As of today, the province’s new inclusionary zoning bylaw comes into effect. It’s now up to cities like Brampton to decide how and where to implement the new zoning power to ease an affordable housing shortage.

Inclusionary zoning (IZ) is a planning tool used by cities all over the world to allow for affordable housing to be built alongside private, market-rate housing. Ontario examples of mixed-income housing, such as 247 Queen East in Brampton or the Regent Park redevelopment in Toronto, could become the norm, instead of exceptions carefully negotiated between private and public partners.

Some say IZ couldn’t have come soon enough. A recent United Way report says that 52 per cent of neighbourhoods in Peel are low-income. The Region of Peel’s centralized wait list for affordable housing has over 12,000 applicants.

IZ rules in Ontario are being amended to the Planning Act, which means IZ supersedes every Official Plan in the province. However, the province is allowing cities to have some flexibility in their implementation. The rules will apply to any residential development or redevelopment of 10 units or more, regardless of whether the property is expected to be owner-occupied or rented.

Cities can choose a higher threshold of minimum units. They could also decide the number of units within a property which would be affordable, how long those units are required to be affordable, and what incentives they may use to entice developers and to offset the costs.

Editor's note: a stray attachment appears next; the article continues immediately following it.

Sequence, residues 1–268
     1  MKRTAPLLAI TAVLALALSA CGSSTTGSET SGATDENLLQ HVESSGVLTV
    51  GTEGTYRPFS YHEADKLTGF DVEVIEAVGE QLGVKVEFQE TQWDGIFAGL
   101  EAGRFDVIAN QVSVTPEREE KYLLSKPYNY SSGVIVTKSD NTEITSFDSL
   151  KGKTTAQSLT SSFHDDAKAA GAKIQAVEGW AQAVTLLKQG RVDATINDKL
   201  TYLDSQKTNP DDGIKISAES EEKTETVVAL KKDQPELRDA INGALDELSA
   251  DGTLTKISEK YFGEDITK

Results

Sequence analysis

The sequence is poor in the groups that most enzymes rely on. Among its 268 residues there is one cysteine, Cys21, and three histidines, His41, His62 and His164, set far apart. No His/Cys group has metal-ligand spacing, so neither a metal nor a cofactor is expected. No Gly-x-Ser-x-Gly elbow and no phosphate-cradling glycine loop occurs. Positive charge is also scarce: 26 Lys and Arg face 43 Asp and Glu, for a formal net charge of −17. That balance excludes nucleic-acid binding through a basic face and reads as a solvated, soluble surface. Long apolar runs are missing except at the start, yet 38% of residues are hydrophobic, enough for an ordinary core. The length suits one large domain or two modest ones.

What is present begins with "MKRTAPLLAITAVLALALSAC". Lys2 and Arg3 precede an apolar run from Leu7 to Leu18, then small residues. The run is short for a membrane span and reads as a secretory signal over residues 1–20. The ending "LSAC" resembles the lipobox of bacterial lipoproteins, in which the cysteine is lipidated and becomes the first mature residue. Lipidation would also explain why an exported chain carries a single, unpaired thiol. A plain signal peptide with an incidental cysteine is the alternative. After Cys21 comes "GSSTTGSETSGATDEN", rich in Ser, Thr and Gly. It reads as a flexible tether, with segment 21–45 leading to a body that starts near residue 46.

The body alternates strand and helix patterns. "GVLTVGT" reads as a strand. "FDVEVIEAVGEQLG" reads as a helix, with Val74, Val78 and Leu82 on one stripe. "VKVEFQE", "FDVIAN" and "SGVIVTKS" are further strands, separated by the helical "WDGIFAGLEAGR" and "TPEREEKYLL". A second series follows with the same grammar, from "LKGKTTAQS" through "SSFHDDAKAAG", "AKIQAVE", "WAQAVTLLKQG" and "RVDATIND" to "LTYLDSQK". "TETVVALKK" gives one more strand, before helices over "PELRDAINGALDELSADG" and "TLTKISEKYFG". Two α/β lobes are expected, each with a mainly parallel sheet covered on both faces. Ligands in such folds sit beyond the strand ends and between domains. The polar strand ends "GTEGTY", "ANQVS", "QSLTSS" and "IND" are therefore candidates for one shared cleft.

Off-site units (units in another development) are not permitted unless they follow strict rules regarding proximity and land-use zoning. In other words, a developer can’t shift units to lands that aren’t zoned for IZ.

IZ rules don’t apply to housing nonprofits or anyone partnered with a housing non-profit. Obviously, this makes sense as most housing nonprofits are striving to create affordable housing in the first place.

Previously, the Region of Peel, as well as planners in Brampton, Mississauga, and Caledon had various concerns with the draft legislation. For the most part, the new legislation that has come into power today addresses those various concerns, including minimum unit thresholds, the previous exclusion of rental developments, and affordability periods.

Cities also no longer have to contribute funding for affordable housing under IZ, which was cited as a concern from planners at the region.

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